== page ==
I felt so much less bloated during Whole30 and all of my clothes fit great! I never felt bloated or overly full after eating a meal and like I mentioned earlier, I truly felt like I ate even more than normal. And I worked out less than I normally do.
This is only the beginning of my strength training journey so I’ll keep sharing progress pics for you as I go. I think I did a good job on my own in January and I’m excited to see where I am after a few months of working with my trainer!
The biggest challenges of Whole30.
Whole30 was not without its challenges and here are some that I faced.
- It requires a lot of planning. Whole30 required a lot of planning in both prepping to start and staying on the program. I didn’t want to waste a bunch of food so I tried to use up off-plan ingredients and things I had on hand before starting. Once on the program I found that I was running to the store, prepping food and planning meals constantly.
- Giving up the idea that a perfect Whole30 was possible.
- Traveling is hard. I can’t stress enough the importance of packing your own food.
- There is sugar in EVERYTHING. Seriously, start reading your food labels. There is sugar in so many products that you would never imagine would need sugar added. Grocery shopping definitely took longer due to all the label reading.
- We spent so much money on food. I don’t think I ever walked out of Whole Food without spending at least $125. Related, we hardly ate out at all so it wasn’t so bad given the fact we were eating nearly every meal at home.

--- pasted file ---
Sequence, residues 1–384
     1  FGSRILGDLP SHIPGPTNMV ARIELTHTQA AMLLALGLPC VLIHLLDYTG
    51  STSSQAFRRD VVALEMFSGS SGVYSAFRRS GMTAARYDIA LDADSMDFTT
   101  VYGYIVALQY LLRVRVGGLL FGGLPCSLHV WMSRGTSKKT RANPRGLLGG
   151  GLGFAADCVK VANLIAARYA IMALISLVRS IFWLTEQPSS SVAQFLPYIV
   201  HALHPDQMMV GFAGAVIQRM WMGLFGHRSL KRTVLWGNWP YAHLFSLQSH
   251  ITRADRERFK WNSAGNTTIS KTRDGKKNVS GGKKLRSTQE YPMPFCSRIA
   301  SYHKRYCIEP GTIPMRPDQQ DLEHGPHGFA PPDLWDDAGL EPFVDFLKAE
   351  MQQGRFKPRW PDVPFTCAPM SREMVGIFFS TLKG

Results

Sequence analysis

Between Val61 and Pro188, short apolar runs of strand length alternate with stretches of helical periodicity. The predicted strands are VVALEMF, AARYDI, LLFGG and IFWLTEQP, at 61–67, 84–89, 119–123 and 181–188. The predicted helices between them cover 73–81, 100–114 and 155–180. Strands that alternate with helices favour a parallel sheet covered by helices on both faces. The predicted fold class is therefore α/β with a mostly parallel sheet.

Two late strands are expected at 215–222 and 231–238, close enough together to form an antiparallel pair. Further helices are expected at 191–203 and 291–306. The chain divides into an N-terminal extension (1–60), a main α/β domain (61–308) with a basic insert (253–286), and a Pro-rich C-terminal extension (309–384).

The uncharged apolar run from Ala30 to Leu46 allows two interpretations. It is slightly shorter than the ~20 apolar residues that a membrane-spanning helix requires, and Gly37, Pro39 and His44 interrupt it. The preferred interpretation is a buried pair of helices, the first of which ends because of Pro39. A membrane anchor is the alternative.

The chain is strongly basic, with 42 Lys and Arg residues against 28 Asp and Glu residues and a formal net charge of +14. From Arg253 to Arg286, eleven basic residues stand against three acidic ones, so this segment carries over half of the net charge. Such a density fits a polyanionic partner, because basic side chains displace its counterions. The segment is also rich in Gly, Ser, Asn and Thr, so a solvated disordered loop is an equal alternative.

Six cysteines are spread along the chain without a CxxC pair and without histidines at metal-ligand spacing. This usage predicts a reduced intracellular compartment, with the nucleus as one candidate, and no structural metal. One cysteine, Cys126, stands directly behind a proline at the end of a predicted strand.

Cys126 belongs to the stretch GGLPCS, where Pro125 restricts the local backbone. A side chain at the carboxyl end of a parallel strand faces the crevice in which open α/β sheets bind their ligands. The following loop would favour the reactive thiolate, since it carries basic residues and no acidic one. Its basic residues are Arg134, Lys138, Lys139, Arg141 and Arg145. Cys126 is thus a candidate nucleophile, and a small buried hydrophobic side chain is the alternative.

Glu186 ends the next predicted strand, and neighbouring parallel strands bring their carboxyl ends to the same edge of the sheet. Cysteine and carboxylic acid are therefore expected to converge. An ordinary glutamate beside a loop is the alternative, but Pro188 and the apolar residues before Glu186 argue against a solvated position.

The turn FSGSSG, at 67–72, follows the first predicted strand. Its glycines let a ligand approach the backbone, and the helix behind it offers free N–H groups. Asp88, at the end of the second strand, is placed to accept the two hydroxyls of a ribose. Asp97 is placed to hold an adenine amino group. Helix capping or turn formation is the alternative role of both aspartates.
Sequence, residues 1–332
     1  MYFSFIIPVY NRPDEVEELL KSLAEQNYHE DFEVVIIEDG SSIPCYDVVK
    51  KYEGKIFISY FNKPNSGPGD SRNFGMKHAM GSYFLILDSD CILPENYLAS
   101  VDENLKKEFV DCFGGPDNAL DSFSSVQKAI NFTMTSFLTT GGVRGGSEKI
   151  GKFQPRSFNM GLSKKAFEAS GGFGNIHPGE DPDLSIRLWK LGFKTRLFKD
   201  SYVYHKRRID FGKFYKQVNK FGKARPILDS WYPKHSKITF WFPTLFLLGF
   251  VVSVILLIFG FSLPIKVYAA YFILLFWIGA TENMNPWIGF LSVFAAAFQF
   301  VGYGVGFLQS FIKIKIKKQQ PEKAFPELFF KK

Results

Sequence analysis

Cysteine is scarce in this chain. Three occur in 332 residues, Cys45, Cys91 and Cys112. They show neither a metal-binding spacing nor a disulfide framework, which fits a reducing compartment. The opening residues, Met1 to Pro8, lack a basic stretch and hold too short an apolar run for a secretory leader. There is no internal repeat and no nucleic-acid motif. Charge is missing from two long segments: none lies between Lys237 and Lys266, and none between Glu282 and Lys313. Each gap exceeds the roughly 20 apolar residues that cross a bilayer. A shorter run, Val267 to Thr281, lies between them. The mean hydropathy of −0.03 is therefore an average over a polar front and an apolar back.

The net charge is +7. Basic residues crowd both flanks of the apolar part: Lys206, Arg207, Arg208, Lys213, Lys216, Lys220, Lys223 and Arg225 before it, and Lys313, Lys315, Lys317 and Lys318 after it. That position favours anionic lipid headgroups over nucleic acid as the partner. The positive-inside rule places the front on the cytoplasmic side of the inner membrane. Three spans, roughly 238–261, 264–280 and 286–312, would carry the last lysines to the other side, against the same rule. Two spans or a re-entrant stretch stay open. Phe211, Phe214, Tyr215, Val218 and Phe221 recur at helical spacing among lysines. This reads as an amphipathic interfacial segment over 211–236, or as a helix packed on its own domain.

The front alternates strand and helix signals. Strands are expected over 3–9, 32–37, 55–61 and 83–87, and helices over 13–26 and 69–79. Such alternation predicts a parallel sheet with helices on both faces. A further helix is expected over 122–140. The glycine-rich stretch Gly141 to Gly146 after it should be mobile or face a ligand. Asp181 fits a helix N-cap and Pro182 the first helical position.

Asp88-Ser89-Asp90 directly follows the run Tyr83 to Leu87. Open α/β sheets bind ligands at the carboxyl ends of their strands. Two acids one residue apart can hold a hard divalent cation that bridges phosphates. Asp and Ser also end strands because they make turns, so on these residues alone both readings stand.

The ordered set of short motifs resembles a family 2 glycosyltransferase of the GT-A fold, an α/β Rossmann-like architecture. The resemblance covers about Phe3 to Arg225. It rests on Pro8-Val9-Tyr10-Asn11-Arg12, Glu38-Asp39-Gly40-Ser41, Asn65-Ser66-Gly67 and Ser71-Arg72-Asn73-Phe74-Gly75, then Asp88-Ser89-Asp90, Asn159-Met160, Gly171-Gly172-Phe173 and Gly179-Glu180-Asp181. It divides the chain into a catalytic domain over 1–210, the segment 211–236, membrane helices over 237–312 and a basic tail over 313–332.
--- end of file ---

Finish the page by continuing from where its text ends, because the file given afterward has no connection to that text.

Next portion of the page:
- We went through a lot of food. Again, I felt like I was constantly at the store restocking on Whole30 compliant foods, especially fruits and veggies.
- Most of our friends quit. We started with a group of 23 and ended with 3. This program will challenge you mentally and physically and it can be difficult to undo years of hard-wiring in our bodies and brains around food and social behaviors.
- My lack of enthusiasm over eggs and vegetables for breakfast. I don’t think my chia pudding and mashed sweet potatoes are exactly what the program founders had in mind for ideal breakfast options.
- Taming the sugar dragon. Man is mine ever powerful. I probably overdid it a little on the fruit and dried fruit but at least it wasn’t chocolate and cupcakes, right?
- The misconception around carbs. Even though I was eating Whole30, I was not eating low-carb. People just can’t seem to wrap their head’s around this (including some of my fellow Whole30ers who dropped out). I ate tons of more carb-dense vegetables like potatoes, sweet potatoes and winter squash as well as fruits like dates, bananas and apples on Whole30.
My advice to those considering a Whole30.
- First and foremost is to read the book, It Starts with Food. I mean it. I think it’s key to understand the science behind Whole30 and what it has the power to do for your body. This was a tremendous help for me and I would even cue it up on Audible on days I was feeling a little “Whole30 is stupid, can’t I just have a glass of wine or one small piece of dark chocolate.” It always helped me get my head straight. It’s full of extremely interesting info. That said, it can be a little hard to get through (especially the science-based stuff in the beginning) so maybe consider listening to it rather than reading it if you need to.